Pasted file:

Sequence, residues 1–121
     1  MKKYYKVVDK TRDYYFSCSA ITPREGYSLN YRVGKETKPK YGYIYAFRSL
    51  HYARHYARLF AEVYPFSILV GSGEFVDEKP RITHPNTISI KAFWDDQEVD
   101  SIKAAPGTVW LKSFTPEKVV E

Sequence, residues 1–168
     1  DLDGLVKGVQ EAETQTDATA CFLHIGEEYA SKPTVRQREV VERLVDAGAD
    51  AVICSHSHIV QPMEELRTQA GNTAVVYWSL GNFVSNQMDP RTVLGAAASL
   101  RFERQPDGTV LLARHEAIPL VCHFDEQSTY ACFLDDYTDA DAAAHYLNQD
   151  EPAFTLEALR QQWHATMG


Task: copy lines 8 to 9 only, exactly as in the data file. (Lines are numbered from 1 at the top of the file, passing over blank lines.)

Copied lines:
   101  RFERQPDGTV LLARHEAIPL VCHFDEQSTY ACFLDDYTDA DAAAHYLNQD
   151  EPAFTLEALR QQWHATMG